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Quignon or crouton: what do you call the end of bread?
bakery |Posted by Anne-Cécile Chautard on November 22, 2019
Crouton, chignon, crotchon or croustet … The end of a piece of bread has not finished dividing the French. FRENCH LANGUAGE – If you are looking for an argument or debate topic (but not too much) for your Christmas dinners, you have clicked on the right link! Rather than arguing with your guests about Emmanuel […]
Crouton, chignon, crotchon or croustet … The end of a piece of bread has not finished dividing the French.
FRENCH LANGUAGE – If you are looking for an argument or debate topic (but not too much) for your Christmas dinners, you have clicked on the right link! Rather than arguing with your guests about Emmanuel Macron’s policy, ask them how they call the end of a piece of bread. You will certainly have some surprises.
The linguist Mathieu Avanzi has precisely studied these linguistic variations around bread. “We did not have data to know how it was said in the dialects before,” says HuffPost who is also a lecturer in French linguistics at the Sorbonne University. “We first started studying these appellations in French-speaking Switzerland and the Rhône-Alpes region and we discovered a lot of variations. We decided to extend our research to the whole of France. “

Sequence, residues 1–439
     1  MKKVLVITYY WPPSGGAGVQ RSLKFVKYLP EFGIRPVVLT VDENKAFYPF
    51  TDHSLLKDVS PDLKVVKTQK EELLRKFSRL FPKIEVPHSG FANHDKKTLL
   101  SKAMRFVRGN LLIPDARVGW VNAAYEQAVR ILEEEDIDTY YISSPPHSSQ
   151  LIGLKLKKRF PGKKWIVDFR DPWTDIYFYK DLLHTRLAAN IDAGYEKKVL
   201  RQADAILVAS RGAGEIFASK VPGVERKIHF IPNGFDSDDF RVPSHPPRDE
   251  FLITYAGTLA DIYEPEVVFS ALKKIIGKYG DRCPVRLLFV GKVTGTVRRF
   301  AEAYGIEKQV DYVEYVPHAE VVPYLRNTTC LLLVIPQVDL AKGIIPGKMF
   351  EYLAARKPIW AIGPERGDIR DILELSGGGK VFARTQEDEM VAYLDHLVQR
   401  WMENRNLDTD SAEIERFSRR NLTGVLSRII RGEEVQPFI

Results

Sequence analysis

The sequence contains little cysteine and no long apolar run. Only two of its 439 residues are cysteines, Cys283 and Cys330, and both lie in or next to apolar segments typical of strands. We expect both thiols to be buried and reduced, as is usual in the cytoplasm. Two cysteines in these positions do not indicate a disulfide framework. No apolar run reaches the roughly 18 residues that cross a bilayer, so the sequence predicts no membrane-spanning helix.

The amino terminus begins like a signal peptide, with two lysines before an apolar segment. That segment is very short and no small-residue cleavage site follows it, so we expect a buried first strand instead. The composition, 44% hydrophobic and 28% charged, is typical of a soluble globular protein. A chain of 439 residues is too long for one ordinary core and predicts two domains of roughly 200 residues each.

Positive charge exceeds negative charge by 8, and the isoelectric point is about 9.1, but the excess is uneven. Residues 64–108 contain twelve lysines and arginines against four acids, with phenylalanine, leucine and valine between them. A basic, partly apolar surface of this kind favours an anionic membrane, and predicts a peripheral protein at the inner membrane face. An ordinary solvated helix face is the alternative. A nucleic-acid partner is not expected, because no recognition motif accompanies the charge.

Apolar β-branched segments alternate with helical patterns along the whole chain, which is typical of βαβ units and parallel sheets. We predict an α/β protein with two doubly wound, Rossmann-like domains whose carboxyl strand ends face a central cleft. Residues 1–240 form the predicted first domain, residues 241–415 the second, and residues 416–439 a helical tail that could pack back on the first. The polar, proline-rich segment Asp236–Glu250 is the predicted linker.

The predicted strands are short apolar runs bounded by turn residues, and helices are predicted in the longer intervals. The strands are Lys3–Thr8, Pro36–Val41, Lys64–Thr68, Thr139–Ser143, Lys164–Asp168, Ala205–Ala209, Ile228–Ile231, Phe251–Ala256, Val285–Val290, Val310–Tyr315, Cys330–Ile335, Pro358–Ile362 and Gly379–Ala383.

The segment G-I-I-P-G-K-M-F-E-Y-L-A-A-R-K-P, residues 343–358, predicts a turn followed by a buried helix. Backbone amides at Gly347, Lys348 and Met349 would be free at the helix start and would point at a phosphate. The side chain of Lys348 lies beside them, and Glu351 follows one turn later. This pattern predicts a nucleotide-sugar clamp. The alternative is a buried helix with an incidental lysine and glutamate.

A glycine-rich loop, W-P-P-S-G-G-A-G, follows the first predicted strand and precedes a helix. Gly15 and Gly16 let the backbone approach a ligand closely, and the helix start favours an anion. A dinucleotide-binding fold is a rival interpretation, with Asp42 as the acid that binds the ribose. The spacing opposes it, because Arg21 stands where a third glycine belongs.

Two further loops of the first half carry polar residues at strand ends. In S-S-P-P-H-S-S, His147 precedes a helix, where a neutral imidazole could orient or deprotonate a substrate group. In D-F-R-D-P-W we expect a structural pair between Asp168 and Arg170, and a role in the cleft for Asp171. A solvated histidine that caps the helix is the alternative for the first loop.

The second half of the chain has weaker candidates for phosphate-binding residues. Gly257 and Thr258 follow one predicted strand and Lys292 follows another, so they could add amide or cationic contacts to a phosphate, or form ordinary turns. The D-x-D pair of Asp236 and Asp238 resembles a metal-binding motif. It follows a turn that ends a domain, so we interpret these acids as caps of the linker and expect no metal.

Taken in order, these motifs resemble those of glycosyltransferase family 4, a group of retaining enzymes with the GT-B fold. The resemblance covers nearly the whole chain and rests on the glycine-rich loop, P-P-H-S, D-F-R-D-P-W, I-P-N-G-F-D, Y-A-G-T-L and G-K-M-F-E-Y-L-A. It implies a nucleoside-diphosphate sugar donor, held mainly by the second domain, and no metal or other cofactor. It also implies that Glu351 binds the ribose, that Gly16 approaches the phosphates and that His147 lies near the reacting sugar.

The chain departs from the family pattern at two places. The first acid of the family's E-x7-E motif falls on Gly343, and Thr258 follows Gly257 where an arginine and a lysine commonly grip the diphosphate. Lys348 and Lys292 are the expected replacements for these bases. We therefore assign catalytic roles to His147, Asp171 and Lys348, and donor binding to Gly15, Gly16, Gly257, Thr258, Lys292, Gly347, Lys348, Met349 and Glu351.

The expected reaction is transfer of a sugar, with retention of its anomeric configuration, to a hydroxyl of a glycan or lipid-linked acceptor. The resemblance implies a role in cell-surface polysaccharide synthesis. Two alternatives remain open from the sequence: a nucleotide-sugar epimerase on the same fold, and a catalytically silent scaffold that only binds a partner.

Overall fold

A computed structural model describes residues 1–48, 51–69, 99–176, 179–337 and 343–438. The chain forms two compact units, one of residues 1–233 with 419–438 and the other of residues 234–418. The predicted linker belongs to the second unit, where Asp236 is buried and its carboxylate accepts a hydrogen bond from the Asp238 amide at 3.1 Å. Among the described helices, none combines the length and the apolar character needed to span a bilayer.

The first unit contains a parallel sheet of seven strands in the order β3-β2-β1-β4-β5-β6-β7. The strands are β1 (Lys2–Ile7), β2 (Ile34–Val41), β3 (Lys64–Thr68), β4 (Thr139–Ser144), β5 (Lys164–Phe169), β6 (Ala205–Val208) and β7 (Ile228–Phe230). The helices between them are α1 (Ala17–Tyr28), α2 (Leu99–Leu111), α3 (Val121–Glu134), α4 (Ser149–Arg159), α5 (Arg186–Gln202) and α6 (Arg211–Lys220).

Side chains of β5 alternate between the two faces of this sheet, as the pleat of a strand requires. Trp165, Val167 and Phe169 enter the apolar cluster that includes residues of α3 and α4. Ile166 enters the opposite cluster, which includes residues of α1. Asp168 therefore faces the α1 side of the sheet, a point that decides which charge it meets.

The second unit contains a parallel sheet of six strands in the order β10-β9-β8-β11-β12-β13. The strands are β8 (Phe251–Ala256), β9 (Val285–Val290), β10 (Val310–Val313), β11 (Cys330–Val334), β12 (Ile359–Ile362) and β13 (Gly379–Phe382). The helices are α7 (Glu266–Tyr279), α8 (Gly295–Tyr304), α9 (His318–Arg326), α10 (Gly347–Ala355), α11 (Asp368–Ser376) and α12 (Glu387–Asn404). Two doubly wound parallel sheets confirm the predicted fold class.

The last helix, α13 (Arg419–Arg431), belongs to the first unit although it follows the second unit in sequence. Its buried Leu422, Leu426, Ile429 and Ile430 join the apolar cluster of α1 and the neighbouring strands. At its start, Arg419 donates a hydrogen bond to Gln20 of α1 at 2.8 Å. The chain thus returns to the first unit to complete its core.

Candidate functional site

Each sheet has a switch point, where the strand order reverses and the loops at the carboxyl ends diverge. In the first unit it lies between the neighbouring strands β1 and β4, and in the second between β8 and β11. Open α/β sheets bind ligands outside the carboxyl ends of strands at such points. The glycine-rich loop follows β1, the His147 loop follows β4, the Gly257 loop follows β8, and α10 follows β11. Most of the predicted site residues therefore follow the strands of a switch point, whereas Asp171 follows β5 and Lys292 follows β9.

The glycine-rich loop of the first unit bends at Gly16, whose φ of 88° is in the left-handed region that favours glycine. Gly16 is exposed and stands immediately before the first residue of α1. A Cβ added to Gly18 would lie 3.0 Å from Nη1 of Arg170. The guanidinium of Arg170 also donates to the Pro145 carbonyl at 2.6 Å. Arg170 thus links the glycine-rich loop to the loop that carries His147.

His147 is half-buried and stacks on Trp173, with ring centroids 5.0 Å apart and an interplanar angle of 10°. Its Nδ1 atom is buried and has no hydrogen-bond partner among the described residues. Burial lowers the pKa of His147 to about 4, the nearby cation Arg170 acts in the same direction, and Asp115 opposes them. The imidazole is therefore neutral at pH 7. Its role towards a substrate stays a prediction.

The linguist subsequently launched two surveys in 2017 and 2018 to document these bread names and the results were surprising to say the least. “We had proposed some variations in our first survey, but people have suggested so many other names that we did not know we had to start again to have an even broader perspective.”
A marked North / South divide
Mathieu Avanzi has collected about 15,000 testimonies throughout France and from people of all ages. The results have been transcribed in a map on which the cleavage is particularly marked between northern France, adept of “crouton” and southern, which uses mainly the word “quignon” to designate the end of his baguette. Between these two zones, crougnon is acclaimed. This blended word is as well composed of crouton as of quignon. A peculiarity found in the Croissant region, a strip of about 300 kilometers, between Charente and Allier.
In this linguistic transition zone, two languages are mixed: the langue d’oc and langue d’oïl, which could explain the difficulty of making a choice between crouton and quignon. Other appellations of the end of a piece of bread exist like the croustet used along the Spanish border, or the cul of the bread in the North of France. With its many linguistic variations, the subject of bread is even more divisive than the eternal debate chocolate / chocolate bread debate.
Guess the origin of someone simply with the words
Like bread, some words can be used to guess the origin of the person to whom one is addressing. This is called schibboleths (and it pays a lot of scrabble points). “Each region has its list of regionalisms that allow us linguists to guess your origin in just a few questions,” says Mathieu Avanzi, whose cards are passionate about Twitter. The use of intensifiers (which will accentuate the meaning of a word) is the best example. If you find Dimitri Payet “tarpin fort”, you will certainly come from the region of Marseille, while the wine “gavé bon” will refer to your Bordeaux origins. And if you say that your pancake is “vlà bonne”, it will certainly betray your Breton roots …
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